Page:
Garden of Evil starts quickly. A broken-down steamer anchors near a godforsaken Mexican town and lets off three gold-seeking Americans: Hooker (Gary Cooper), Fiske (Richard Widmark), and Luke Daly (Cameron Mitchell), and an American woman bursts into the saloon where they’re killing time. She’s Leah Fuller (played by earthy Susan Hayward), she’s dressed in a sweat-soaked blouse, and she’s looking for some men to help her save her husband who is trapped in a gold mine way back in the hinterland where no smart Mexican will go because of the Apaches – and it happens to be the “Moon of the White Man,” which to the Apaches means open season on pale faces. But the offer of two thousand dollars a man and Leah’s skimpy blouse are all that’s needed to entice our three soldiers of fortune, as well as a burly Mexican named Vicente (Victor Emmanuel Mendoza), to accompany Mrs. Fuller on the journey. It’s a simple story. They set off across a vast wilderness, fight over Leah Fuller, rescue Leah’s husband, succumb to the allure of gold, and then try to make it back to civilization, pursued and picked off one by one by the Apaches.

I like how the first third of the film turns the story into a perilous journey. We first see the five riders heading up a mountain side in an awesome location shot in Mexico; then cut to a matte shot of the forbidding mountains that must be crossed, and later cut to another matte shot of the narrow pass hugging an improbably sheer cliff. At one point they have to jump their horses over a gap in the ledge; gutsy Leah leads the way. When Vicente brings up the rear, his horse lands with a jolt that sends a frying pan flying out of his saddlebag. Clattering with every bounce, the pan tumbles down the slope, down and down, for a very long time, a wonderful establishment of the height of the pass. From this point on, no more mattes are needed as the riders cover a raw landscape, shot near Mount Paricutin in Mexico, of sprawling plains leading into a volcanic wasteland of jumbled lava rock piles and barren cinder cones, a majestically dark setting for a story about dark desires. Other location shots are taken in lush palm groves, suggesting the garden of the title. Along the way, it seems clear that the sardonic gambling man Fiske is after gold, and it’s clear what Daly wants when he forces himself on Leah but gets beaten into a weeping baby by Hooker. It’s unclear exactly what Hooker is after.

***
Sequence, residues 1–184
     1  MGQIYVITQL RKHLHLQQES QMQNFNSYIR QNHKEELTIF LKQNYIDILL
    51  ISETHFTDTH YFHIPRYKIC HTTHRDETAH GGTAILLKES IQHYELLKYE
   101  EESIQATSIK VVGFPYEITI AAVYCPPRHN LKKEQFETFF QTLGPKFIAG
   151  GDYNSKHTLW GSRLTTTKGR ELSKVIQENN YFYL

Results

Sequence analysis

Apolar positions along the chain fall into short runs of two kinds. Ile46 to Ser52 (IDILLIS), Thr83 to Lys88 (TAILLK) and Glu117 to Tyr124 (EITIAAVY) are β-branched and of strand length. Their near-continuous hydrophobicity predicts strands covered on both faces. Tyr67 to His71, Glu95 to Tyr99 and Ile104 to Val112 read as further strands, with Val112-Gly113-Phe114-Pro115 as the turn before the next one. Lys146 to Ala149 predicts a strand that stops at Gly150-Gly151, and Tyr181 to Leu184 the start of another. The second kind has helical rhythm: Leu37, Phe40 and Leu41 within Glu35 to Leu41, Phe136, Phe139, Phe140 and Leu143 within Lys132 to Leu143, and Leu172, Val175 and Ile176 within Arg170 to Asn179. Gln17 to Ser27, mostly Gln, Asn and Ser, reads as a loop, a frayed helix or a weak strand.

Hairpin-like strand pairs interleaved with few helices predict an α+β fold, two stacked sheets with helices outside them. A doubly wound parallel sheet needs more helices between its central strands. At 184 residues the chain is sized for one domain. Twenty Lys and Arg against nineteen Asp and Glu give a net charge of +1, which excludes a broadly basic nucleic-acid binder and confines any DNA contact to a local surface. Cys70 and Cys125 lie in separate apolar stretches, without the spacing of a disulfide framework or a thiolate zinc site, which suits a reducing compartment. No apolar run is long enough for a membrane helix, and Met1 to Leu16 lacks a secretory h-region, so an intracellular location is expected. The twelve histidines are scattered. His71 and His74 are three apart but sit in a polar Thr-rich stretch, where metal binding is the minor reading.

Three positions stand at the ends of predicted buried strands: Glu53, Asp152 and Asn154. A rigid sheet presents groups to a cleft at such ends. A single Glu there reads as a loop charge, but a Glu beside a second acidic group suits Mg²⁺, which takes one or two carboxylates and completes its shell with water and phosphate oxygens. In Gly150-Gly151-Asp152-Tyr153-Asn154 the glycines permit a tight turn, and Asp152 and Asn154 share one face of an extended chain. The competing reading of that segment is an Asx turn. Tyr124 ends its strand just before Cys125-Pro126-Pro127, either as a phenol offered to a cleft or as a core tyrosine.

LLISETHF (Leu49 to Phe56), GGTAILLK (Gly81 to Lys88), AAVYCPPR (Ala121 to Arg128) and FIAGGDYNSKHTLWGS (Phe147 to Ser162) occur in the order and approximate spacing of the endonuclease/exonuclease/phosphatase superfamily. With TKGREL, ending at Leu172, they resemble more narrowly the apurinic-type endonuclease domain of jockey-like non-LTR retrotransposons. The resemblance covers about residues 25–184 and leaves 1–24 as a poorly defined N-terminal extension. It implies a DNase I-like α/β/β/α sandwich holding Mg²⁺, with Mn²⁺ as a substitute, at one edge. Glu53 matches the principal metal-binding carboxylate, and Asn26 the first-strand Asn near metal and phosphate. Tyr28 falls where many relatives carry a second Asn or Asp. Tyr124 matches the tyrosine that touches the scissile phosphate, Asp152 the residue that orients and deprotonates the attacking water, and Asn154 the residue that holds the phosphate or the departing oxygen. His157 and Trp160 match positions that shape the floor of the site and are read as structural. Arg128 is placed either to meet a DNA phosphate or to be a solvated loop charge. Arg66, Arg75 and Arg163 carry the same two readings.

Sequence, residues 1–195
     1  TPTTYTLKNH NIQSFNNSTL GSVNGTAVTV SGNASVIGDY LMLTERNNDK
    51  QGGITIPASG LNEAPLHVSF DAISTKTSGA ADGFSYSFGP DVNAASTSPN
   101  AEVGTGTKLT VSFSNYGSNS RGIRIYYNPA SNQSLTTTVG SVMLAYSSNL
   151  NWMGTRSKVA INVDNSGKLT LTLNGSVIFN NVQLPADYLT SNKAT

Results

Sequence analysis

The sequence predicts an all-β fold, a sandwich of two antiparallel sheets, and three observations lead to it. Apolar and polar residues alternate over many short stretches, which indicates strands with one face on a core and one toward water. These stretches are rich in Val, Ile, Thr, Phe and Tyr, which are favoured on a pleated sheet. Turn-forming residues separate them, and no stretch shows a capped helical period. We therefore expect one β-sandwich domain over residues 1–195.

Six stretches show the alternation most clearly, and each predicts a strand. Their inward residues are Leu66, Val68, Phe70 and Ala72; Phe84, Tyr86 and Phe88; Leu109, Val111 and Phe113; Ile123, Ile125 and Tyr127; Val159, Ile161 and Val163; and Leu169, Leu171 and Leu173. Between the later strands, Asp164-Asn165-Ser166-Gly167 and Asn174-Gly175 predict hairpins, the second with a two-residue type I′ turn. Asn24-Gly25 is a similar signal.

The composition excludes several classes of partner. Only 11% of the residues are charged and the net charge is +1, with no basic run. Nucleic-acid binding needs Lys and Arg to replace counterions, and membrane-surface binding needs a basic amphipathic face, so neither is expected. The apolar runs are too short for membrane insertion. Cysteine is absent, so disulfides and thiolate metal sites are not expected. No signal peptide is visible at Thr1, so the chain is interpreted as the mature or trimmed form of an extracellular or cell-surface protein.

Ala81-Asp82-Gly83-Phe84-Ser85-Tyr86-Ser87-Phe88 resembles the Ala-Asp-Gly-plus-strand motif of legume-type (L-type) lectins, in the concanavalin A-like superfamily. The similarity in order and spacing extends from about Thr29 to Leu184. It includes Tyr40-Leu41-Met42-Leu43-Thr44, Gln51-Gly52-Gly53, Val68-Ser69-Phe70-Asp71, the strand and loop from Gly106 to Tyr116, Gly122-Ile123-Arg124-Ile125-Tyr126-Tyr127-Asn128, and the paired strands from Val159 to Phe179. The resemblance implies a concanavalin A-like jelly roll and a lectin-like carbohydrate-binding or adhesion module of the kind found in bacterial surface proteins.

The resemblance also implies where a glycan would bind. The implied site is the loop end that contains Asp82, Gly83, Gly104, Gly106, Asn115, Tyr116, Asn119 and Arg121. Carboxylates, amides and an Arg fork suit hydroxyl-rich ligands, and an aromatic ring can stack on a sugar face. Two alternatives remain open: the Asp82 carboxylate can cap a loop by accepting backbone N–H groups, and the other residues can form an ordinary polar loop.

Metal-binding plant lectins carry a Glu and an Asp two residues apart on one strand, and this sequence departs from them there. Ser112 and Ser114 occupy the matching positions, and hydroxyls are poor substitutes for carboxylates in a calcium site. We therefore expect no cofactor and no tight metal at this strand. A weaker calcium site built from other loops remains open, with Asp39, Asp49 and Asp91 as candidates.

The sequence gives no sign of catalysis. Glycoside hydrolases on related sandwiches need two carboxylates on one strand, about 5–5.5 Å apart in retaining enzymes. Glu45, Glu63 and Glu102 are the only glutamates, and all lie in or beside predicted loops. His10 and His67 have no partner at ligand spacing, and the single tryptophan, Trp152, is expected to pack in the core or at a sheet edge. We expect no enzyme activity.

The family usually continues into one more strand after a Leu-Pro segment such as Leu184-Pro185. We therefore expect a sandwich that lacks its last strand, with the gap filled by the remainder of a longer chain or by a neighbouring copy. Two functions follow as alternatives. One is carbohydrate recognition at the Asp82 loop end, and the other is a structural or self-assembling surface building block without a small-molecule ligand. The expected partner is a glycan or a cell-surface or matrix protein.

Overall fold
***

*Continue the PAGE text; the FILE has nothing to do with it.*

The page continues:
The pace slows down and the plot gets muddled in the film’s middle third when our adventurers rescue John Fuller (Hugh Marlowe) from the mine. Fuller seems to think Leah only came back for the gold. Meanwhile, greed rears its ugly head as Daly and Vicente grovel for nuggets. Fiske offers himself to Leah but gets a royal rebuff. “You’re nothing. Just nothing.” Wow! What a woman! Everybody wants something; Fuller just wants everyone to get lost and leave him with the mine. An elaborate ruse is concocted to mislead the Indians into thinking that the white men haven’t left yet, only to be negated when Hooker knocks Leah out, refusing to let her stay behind. Ah, now we know what he wants!

But the final chapter builds suspense as the Indians are revealed to us little by little. First, Hooker finds a feather in the cinders – an aesthetically framed shot. He also sees the ubiquitous smoke signal on the distant ridge. Later, during the return journey, just one Indian looks up over a rock; still later, Indians on a cliff blend with the color of the rock. Finally, in a stunning extreme long shot, we see Hooker, Fiske, and Leah riding across a wide plain as a band of Indians rides into the center of the frame, and another band follows them in the extreme distance. In the next shot, another extreme long, the two bands of Indians combine into a horde. During these shots, and throughout the film, a superbly dark and brooding Bernard Herrmann score intensifies the thrills, even adding a gripping tone to transitional shots of the characters simply riding from place to place. In fact, the entire film is supported by Herrmann’s eerie themes, some of them suggestive of threads later incorporated in his score for Vertigo (1958), another film about lust and dark motives.

I won’t be too specific about the final stand against the Indians, but you know it takes place on that high pass so wonderfully established by the falling frying pan and that a number of Indians will take the same plunge. Of course, Hooker ends up with Leah. Of course, the sun sets in the west, but it’s a struggling sun throttled by dark clouds over a merciless landscape that truly holds a garden of evil.

“If the earth were made of gold, I guess men would die for a handful of dirt.”

Wednesday, March 4, 2009

Jane at the Movies

My twenty-one-year-old daughter, Jane, has Down syndrome, and for most of those twenty-one years, the writer in me has tried to imagine and describe in words how she perceives the world. Jane knows she is different; she’s intelligent enough to know what she is missing in life. Caught between the world of her special needs school friends and the “normal” world she must negotiate, I believe she feels like an alien from another planet.